Prior to December 2018, Holley had lived in extended stay hotels, which cost approximately $700-900 per month. [DE 940-4 at 2, PageID #8096]. Holley has since moved into an apartment with her son, who is disabled. [Id.]. She reported that rent is $1, 100 per month. [Id.]. Holley has now moved the Court to modify her restitution to account for her current financial situation. [DE 919].

         II. Analysis

         Holley argues that she is entitled to a modification of her restitution, demanding an “emergency hearing” in order that the Court might consider her current financial circumstances and refashion her restitution. [DE 919]. Specifically, she urges the Court to take into consideration the fact that she is currently disabled, and the Treasury Offset Program is deducting $117.00 from the $864.00 per month she receives from the Social Security Administration. [Id. at 2, PageID #7981]. She takes particular issue with the fact that the judgment states that restitution became “due immediately.” [Id.].

         In response, the United States argues that no adjustment is required on a judgment that imposes liability “due immediately.” [DE 940]. Moreover, the United States states that even if adjustment is considered the payment schedule does not prevent the government from further collection action. [DE 940 at 5-6, PageID #8086-87]. Finally, the United States contends that Holley has failed to provide any support upon which to base any material determination, let alone a reduction. [DE 940 at 6-8, PageID #8087-8089].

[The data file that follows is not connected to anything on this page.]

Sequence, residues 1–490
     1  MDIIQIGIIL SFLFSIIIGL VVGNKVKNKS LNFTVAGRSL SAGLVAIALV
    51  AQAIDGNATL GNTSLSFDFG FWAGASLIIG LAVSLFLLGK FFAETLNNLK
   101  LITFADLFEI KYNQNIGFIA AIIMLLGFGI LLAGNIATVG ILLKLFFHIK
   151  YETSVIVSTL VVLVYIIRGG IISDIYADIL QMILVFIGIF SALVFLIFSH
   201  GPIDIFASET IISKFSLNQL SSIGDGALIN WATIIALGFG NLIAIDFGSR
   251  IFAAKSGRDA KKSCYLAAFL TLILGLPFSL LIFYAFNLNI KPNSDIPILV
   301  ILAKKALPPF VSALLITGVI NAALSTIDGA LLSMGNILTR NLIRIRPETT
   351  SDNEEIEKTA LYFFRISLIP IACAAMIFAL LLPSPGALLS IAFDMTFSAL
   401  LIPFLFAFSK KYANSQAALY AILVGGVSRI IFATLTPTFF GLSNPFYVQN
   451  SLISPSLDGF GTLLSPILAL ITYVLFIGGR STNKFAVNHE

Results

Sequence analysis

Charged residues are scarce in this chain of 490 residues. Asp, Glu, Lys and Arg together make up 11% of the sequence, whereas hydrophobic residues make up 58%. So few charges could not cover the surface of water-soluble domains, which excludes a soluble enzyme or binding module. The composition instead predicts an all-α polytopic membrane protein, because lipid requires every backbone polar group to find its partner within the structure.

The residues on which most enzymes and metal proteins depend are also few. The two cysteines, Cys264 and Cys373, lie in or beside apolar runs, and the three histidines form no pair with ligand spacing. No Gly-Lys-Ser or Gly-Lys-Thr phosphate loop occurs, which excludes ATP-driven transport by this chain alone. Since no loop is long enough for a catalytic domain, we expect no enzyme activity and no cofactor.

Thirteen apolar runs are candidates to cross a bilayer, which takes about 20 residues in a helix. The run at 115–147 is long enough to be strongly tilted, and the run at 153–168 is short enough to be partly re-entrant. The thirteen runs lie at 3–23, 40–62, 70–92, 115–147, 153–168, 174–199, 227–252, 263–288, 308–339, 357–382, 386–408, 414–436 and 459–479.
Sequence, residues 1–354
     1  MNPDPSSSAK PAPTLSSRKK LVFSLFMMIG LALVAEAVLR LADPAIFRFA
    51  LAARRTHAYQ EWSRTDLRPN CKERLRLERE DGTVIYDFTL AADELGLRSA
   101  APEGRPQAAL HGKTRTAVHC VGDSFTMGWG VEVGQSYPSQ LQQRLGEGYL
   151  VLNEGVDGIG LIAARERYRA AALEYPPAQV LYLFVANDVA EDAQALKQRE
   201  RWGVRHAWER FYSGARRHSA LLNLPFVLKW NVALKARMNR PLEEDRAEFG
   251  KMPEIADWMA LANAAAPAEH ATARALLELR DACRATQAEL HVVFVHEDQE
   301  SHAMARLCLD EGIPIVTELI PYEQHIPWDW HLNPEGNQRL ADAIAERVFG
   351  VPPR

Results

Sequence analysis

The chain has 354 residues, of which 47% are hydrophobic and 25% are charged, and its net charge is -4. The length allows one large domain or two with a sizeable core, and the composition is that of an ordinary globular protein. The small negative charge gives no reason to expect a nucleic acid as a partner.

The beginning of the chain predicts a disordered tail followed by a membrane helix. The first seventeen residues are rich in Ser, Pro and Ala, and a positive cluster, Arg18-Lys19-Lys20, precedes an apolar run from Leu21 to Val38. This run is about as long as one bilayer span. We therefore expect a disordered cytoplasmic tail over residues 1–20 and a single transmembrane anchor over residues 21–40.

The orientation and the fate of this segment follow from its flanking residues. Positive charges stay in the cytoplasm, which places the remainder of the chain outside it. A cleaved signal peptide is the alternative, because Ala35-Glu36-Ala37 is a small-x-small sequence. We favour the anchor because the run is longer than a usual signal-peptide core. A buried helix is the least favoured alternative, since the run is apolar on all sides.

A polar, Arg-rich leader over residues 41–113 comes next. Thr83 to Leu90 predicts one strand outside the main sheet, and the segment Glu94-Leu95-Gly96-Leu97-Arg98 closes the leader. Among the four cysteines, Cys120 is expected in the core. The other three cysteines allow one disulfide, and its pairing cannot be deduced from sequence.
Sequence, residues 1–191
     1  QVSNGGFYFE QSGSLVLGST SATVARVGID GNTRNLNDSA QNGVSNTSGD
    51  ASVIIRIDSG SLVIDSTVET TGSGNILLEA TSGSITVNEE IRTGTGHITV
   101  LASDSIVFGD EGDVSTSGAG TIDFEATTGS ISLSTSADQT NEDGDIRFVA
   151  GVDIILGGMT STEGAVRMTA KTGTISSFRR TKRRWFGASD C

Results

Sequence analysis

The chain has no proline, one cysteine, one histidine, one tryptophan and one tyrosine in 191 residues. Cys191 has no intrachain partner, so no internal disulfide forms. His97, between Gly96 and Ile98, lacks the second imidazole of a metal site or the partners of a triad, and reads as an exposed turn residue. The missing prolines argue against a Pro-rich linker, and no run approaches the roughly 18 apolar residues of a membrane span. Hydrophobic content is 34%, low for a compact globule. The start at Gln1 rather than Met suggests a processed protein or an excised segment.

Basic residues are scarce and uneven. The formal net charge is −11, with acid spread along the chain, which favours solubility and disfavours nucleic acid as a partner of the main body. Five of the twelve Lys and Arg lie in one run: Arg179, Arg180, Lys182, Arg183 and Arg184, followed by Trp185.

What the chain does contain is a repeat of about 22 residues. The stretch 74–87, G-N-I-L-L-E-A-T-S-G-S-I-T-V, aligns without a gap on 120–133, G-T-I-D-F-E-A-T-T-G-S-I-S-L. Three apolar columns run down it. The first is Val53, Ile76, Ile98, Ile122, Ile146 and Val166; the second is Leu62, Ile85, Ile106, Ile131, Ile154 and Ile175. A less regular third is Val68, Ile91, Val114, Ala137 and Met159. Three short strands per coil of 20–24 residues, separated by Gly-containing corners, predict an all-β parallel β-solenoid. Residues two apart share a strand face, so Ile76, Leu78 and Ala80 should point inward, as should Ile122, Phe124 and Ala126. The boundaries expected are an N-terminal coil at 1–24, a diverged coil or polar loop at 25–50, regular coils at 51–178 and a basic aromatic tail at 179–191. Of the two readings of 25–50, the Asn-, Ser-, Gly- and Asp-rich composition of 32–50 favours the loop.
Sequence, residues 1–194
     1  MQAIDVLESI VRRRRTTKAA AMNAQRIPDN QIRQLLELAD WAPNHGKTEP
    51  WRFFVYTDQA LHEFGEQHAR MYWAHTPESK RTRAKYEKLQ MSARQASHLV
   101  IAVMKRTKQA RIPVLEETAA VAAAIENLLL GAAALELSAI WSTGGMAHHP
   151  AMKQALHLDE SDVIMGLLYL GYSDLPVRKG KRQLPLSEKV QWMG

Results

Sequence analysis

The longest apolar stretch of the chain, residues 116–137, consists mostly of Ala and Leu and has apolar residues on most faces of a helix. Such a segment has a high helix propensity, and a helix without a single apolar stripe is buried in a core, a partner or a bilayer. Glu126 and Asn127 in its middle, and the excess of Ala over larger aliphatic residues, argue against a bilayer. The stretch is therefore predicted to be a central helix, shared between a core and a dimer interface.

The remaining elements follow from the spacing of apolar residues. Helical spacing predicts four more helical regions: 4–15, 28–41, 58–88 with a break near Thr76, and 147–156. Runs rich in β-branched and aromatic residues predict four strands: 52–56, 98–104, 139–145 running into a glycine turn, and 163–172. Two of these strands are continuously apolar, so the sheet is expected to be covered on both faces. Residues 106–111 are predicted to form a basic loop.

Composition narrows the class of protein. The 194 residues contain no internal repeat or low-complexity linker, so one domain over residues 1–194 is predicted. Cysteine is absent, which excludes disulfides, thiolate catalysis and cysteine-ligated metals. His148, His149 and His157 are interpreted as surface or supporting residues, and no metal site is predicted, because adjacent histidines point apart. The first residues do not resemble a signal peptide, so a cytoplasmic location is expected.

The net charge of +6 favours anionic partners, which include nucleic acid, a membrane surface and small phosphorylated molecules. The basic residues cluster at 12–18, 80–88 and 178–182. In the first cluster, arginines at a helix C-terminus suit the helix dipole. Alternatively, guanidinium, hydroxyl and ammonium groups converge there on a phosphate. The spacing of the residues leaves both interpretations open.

To the extent Holley attacks the Court's restitution order, her motion must necessarily fail. Under the Mandatory Victim Restitution Act (the “MVRA”), 18 U.S.C. § 3663A, this Court must order a defendant to pay restitution to a victim of certain offenses, including any offenses under Title 18 of the United States Code. 18 U.S.C. § 3663A(a)(1). Restitution orders issued under the MVRA are to be enforced pursuant to the provisions of 18 U.S.C. § 3664. See 18 U.S.C. § 3663A(d). Section 3664 does not allow a court to consider a defendant's ability to pay when setting the amount of restitution; rather, the amount must be set at the full amount of the victims' losses. 18 U.S.C. § 3664(f)(1)(A). Thus, Holley's argument that the Court should have considered her ability to pay when setting restitution is wholly without merit.

         Moreover, the Court did not set a restitution payment schedule, thus it cannot modify or reduce a non-existent payment schedule, as Holley requests. The court in setting a payment schedule for the restitution should consider: (1) the defendants' financial resources and assets; (2) defendants' projected future cash flow; and (3) defendants' financial obligations. 18 U.S.C. § 3664(f)(2). If the court finds multiple defendants culpable for the “loss of a victim, the court may make each defendant liable for payment of the full amount of restitution or may apportion liability among the defendants to reflect the level of contribution to the victim's loss and ...